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Updated: September 6, 2010 14:45 IST

Break down religious barriers: Swami Agnivesh

Staff Reporter
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A file picture of Swamin Agnivesh. Photo: R. Ragu
The Hindu A file picture of Swamin Agnivesh. Photo: R. Ragu

Swami Agnivesh said here on Sunday that religion had no accountability and it was, like caste, an accident of birth. Speaking at the plenary session of the 33rd World Congress of International Association for Religious Freedom here on Sunday, he called on the people to break down the barriers created by religion. The session focussed on the role of religion in promoting human rights.

He said most religions treated women as second class human beings. Societies use even biology to discriminate against women. But there should be no children of a lesser God among us, he said as he called on students and young people to write their own scriptures. He told the gathering to follow the values one choses for oneself and not to close one's eyes to injustice.

In religion, it mattered whether you were a believer or a non-believer. In human rights, there was no distinction between a believer and a non-believer, he said.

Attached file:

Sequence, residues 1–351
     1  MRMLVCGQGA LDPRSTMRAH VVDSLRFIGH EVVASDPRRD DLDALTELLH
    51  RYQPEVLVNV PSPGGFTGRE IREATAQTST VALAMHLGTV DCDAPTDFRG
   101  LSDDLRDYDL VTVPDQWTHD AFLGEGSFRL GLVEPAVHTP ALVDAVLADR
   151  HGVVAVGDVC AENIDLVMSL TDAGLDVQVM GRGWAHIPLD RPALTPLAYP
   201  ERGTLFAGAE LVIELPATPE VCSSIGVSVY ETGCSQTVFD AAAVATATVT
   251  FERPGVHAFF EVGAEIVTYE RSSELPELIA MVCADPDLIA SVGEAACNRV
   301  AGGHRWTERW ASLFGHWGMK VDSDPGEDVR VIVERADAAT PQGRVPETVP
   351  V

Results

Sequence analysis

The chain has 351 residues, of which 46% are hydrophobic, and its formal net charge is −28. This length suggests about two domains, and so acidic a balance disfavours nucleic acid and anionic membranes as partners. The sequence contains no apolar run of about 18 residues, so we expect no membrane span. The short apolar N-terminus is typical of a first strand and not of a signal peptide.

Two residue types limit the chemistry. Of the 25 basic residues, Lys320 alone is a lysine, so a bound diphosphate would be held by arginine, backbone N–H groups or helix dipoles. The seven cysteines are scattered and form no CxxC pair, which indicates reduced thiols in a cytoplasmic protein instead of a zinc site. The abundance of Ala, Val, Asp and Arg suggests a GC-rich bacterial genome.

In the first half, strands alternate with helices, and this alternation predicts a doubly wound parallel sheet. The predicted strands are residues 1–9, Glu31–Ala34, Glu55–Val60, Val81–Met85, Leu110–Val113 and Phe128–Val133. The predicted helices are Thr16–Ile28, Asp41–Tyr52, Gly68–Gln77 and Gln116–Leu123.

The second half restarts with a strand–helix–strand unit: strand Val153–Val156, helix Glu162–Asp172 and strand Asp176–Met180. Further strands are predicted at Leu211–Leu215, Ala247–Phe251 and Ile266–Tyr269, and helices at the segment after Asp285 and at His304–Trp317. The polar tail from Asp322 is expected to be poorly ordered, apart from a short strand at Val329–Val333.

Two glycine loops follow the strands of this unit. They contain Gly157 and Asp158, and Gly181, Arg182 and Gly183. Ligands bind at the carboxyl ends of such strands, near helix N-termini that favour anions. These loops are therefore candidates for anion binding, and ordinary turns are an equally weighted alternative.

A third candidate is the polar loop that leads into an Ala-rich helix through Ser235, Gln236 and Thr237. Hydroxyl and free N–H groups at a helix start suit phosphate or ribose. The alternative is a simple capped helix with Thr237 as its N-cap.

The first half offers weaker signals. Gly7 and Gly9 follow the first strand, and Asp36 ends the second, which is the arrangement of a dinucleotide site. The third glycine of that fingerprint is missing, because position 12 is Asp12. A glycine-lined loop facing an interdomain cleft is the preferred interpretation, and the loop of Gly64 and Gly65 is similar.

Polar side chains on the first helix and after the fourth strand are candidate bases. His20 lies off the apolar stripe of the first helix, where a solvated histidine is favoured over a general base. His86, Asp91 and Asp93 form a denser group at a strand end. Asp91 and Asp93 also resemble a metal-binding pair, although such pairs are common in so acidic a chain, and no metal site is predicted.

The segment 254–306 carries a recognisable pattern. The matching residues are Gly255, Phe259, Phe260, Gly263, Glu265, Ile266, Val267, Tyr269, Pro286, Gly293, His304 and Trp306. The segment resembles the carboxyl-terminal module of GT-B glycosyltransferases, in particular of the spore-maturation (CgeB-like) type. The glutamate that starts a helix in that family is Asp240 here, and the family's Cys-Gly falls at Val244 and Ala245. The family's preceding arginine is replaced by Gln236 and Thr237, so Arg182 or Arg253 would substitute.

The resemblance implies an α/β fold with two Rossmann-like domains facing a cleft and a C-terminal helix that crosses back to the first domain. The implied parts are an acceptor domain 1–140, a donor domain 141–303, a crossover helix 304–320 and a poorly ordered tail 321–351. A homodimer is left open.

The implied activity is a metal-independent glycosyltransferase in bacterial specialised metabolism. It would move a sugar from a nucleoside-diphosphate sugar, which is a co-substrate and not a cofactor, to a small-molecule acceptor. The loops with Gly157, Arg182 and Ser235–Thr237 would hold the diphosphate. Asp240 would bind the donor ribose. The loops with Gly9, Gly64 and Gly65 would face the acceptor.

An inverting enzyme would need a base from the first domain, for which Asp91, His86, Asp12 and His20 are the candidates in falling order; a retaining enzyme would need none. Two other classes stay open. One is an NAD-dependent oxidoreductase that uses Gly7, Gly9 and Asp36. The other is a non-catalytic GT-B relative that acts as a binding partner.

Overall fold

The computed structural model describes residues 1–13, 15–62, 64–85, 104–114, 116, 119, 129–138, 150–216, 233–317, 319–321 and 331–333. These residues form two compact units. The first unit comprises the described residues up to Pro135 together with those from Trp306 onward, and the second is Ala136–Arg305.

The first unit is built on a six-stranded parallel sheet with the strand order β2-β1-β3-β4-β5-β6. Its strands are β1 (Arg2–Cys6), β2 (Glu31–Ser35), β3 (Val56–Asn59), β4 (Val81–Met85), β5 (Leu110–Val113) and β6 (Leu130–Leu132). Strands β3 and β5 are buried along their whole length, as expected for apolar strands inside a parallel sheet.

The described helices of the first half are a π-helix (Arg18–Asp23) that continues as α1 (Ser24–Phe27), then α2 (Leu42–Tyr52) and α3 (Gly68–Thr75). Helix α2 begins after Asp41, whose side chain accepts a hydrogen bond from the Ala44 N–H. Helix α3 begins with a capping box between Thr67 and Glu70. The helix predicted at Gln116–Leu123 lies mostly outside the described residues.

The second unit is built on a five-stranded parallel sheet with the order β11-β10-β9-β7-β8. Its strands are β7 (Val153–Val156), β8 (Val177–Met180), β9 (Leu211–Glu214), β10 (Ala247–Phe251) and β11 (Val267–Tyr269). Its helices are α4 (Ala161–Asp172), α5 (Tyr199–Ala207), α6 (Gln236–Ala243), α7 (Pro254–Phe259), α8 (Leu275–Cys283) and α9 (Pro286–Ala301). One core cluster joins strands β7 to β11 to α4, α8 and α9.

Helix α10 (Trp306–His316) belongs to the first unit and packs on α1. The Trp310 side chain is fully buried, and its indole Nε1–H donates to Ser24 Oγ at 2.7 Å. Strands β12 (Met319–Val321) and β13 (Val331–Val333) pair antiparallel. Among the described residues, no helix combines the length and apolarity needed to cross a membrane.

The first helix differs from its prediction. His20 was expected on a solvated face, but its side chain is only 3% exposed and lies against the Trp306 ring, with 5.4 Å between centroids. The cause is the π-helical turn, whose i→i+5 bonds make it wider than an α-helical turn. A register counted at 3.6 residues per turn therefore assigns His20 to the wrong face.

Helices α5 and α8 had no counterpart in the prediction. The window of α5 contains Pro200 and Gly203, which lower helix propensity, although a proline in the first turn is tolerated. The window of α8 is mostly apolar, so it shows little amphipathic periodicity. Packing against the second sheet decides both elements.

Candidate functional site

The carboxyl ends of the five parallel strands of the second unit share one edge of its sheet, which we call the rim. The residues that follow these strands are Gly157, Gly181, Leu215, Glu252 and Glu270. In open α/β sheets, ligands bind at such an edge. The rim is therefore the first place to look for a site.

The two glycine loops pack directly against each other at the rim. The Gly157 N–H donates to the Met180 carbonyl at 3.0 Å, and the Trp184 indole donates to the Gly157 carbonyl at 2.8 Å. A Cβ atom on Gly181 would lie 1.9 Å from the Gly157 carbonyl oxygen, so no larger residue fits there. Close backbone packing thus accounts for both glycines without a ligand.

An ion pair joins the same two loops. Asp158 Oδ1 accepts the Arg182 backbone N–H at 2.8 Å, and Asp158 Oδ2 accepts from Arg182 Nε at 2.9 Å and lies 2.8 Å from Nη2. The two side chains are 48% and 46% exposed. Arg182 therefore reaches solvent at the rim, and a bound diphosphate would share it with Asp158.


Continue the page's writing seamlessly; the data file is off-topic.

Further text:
He told young people, especially those aspiring to become teachers, to promote the ideal of equality and to help do away with religious distinctions. He said though he practiced Hinduism as a young boy, he soon came to realise the importance of working for justice and that God was justice, kindness and love.

He was liberated from the superstitious practices associated with religion with this realisation.

One need not go and seek out a guru. Each was a guru to himself, said Swami Agnivesh as he appealed to everyone to take responsibility for their action and to fight incessantly for justice and equality.

President of the Unitarian Universalist Association Rev. Peter Morales said that religions have been at the centre of unspeakable horrors in the world. At the same time, religions and religious leaders have promoted the core values of humanity.

On the one hand, religion has appeared to legitimise power and on the other, it is a moral critic of our actions, he said.

It is up to leaders of religious movements to find the core values of their religions and to ask the right questions to promote human rights.

Marzia Rowhani Dalal, IPR lawyer, said that it was 50 years since the Universal Declaration of Human Rights was adopted but injustices persisted into our times.

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